Certainly, the allegations that plaintiff was obliged to devote both time and money to the prior case and was greatly embarrassed and upset because of it do not help to lay out a claim that our law can enforce. Embarassment, expense, inconvenience, lost time from work or pleasure, stress, strain and worry are experienced by all litigants, to one degree or another, and by themselves do not justify additional litigation. But the allegations that because of the cloud on her title that the prior suit created she was unable to convey some of the land to her son, as she had promised to do, and was unable to profit from the tobacco acreage on the property, complete the statement of an enforceable claim, in our opinion. An interference with the use, enjoyment, transfer of, and profit from property is not the inherent and usual result of all civil litigation; and her allegation that the case of the defendants had those damaging effects gives her the right, under the law, to try and prove that that is the fact. A holding to the contrary would require a determination that plaintiff could not be entitled to any relief under any evidence that might be presented in support of the claim, Presnell v. Pell, 298 N.C. 715, 260 S.E.2d 611 (1979), or that her allegations are not supportable by evidence. For reasons that seem obvious to us, we are not prepared to make either determination. Instead, we hold that the special damages requirement for these actions has been adequately alleged and that it was error to dismiss plaintiff's complaint. That we do not know how plaintiff proposes to prove her allegations is beside the point. Our only duty now is to evaluate the adequacy of her allegations; whether she can prove them is another matter that will have to be determined later.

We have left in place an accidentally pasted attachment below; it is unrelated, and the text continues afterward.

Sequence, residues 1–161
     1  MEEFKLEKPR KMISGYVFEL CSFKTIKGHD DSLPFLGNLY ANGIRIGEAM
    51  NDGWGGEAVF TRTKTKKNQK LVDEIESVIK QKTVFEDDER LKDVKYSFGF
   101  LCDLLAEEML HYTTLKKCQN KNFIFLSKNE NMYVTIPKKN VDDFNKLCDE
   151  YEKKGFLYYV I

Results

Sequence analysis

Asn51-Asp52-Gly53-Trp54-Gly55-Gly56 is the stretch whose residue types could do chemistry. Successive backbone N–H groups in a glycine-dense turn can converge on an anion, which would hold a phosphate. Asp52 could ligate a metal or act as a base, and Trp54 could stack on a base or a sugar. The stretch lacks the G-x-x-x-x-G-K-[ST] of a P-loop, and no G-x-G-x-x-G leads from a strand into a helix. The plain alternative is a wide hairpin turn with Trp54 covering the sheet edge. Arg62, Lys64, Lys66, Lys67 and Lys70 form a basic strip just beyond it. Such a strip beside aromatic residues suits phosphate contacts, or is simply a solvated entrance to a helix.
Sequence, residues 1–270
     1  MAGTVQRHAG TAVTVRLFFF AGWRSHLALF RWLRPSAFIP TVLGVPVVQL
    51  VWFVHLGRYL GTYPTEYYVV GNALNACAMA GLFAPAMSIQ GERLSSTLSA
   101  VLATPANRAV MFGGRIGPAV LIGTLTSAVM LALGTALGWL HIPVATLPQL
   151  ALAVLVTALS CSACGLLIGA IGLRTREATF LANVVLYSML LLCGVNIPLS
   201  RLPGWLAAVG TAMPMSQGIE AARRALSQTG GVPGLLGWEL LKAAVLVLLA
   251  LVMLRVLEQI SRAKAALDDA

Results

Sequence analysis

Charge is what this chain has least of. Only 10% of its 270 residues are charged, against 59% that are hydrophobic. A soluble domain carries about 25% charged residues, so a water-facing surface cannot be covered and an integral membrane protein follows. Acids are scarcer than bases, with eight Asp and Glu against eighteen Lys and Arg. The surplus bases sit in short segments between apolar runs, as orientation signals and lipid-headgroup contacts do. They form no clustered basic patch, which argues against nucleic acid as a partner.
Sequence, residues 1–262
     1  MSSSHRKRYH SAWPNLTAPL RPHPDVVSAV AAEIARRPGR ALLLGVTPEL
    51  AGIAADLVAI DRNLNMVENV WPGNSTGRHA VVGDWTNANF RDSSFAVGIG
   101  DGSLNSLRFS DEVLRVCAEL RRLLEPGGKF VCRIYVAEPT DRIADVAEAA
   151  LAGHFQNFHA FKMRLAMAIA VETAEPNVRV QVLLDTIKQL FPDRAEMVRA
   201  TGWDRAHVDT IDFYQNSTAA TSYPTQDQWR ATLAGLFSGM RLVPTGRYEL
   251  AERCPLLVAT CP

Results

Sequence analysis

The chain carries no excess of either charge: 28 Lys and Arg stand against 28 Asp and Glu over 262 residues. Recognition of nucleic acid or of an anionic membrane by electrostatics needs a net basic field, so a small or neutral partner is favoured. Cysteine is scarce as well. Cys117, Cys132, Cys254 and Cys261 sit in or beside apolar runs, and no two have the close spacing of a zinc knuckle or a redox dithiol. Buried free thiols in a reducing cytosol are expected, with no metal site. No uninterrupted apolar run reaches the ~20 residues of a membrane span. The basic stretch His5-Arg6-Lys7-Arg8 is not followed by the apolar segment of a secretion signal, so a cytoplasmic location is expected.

The defendants reliance upon the fact that the complaint does not allege any overt seizure or technical interference with plaintiff's propertysuch as an attachment, as in Brown v. Guaranty Estates Corp., 239 N.C. 595, 80 S.E.2d 645 (1954); or a lis pendens, as in Chatham Estates v. American National Bank, 171 N.C. 579, 88 S.E. 783 (1916); or an injunction, as in Shute v. Shute, 180 N.C. 386, 104 S.E. 764 (1920)is misplaced. The law does not grant redress just when certain civil procedures or devices are used; it grants redress to parties that are damaged in ways that the usual civil litigant is not. Furthermore, there is no reason to believe that the procedures utilized in the cases referred to are the only means by which parties can be damaged by civil litigation. Indeed, when some of these cases were decided tobacco allotments and many other valuable, modern property interests were unknown; and that the owners of such interests can be damaged by civil actions even when no attachment, injunction, or lis pendens is used, is a possibility that we are not prepared to deny. Nor do we accept the defendants' contention that plaintiff could not have been damaged, as alleged, since the public was not technically put on notice of defendants' claim by a lis pendens, and therefore plaintiff could have sold, leased, or given the property or tobacco allotments to someone that did not know of the lawsuit. The title to plaintiff's property was being contested in court, and we reject the notion that everyone, or even most people, would sell, lease or give away land so beclouded, or would encourage or even permit one to start a tobacco crop on it, without disclosing the fact that a burden, instead of a benefit, might be received. The law does not penalize candor and fair dealing, and if it should be established that the defendants' lawsuit prevented plaintiff from conveying her property or profiting from her tobacco acreage in transactions based on a full disclosure of the facts, the law will not deny her redress.


WEBB and EAGLES, JJ., concur.